- From: Vol 9, Issue 6 (June 2008)
- Category: Need to know
- Region: Unspecified
- Country: France, Italy and United States
- Related Companies: Enia, Hera, Saur, Suez Environment , Veolia Water North America and Veolia Water Solution & Technologies
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* Suez Environnement (as it now wishes to be known in English), has set the date of 22 July for its debut on the stock exchange.
The news coincides with the rumour that Suez Group could be poised to increase its interest in Rome-based Acea from 8.6% to as much as 40% (see story p21) as a result of a gas distribution asset swap. Acea has partnered with Suez Environnement to pursue water contracts outside the capital, but its main business is serving Rome with electricity and water. If the Acea deal goes ahead, one can imagine a lot of dotted lines on the organigramme between it, GdF Suez and Suez Environnement.
* The opportunity for Suez to swap its Roman gas distribution assets arises from the three-way merger of Italian multi- utilities Enìa, Hera and Iride. The merger will create the second-largest water utility in Italy, distributing 1.23 million m3/d. Unfortunately for water investors, the new company will be anything but a pure-play. Only 11% of revenues will come from water distribution.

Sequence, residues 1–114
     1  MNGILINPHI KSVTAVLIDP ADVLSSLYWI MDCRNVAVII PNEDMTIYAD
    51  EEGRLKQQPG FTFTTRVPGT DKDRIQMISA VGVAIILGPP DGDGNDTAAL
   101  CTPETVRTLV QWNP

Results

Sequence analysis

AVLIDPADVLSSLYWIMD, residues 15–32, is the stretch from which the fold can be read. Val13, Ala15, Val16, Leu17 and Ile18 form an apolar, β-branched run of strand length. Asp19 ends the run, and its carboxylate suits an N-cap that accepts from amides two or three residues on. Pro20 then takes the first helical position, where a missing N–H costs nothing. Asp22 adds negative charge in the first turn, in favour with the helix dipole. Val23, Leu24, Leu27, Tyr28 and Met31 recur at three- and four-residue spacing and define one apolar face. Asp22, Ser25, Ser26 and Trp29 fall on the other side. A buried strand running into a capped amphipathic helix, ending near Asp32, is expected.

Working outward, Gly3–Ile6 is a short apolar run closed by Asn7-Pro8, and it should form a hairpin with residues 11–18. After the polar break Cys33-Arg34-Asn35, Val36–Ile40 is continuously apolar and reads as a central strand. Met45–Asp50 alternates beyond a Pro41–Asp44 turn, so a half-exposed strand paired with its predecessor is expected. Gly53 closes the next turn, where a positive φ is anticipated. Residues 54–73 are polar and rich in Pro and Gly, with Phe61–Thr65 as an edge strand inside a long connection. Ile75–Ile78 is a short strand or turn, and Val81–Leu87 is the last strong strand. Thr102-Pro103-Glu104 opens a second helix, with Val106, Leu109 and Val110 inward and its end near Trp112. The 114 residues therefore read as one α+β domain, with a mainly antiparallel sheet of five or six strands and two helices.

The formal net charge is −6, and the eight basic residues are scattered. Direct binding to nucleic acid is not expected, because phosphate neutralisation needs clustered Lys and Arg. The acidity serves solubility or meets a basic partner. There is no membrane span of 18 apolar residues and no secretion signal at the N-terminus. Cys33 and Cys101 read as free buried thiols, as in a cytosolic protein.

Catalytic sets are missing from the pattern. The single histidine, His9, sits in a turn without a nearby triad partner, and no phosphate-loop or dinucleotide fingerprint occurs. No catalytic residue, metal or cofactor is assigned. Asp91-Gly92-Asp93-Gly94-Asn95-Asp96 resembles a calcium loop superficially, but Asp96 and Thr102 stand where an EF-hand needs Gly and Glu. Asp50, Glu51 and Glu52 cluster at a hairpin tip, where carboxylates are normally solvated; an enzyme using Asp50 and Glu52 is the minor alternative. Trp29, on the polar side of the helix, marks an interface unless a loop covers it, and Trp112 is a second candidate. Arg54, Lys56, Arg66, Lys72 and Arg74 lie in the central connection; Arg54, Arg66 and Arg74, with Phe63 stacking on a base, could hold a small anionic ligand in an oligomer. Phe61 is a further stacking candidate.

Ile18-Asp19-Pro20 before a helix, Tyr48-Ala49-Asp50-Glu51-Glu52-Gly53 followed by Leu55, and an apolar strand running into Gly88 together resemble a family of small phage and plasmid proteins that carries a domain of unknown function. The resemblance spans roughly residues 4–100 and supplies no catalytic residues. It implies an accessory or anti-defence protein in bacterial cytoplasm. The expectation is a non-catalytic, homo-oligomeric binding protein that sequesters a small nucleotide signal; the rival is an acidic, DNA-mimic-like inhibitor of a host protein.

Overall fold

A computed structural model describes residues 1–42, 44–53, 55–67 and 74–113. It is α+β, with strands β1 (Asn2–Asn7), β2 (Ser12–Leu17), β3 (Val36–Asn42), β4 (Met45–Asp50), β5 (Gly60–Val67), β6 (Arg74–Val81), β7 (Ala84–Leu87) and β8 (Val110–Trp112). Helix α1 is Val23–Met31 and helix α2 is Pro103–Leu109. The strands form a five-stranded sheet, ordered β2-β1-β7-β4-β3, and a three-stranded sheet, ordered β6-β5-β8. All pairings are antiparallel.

* France’s number three water company Saur has also been indulging in a little corporate restructuring. Séché Environnement, which owns 33% of the holding company for Saur, has obtained an option to acquire a further 18%. If it were to exercise this option, France’s wastewater king, Joël Séché, will be in a position to increase his control of the business to 100% (see story p21).
* Veolia Water Solutions & Technologies has also developed a strong taste for the wastewater business. Its latest acquisition is New Jersey-based Biothane Corporation. It is a specialist in anaerobic wastewater treatment, and is well positioned for the nascent biogas from wastewater business. The company has revenues of USD70 million, with 500 installations. At the moment, its main customer base is in industry, particularly where the wastewater has a high biological load. VWS believes that the company has strong potential in China and India, as well as in the municipal market. “What I expect is that due to strong energy prices, this technology will come from being a niche market to a major market within a couple of years,” VWS CEO Jean-Michel Herrewyn told GWI.
* Veolia Water North America, meanwhile, is learning to live with its new boss Laurent Auguste. Last month, he sent all employees the kind of letter which had them reaching for the situations vacant column. “I highly value transparency and open communication,” he began. “In this light, I want to be quite transparent that there will be some level of organisational change ahead.” He then introduces the driver of the change: the Balanced Scorecard. The explanation requires complicated business school diagrams and opaque prose. No doubt staff will understand it all quite quickly, and in no time they will be referring to the initiative by its initials.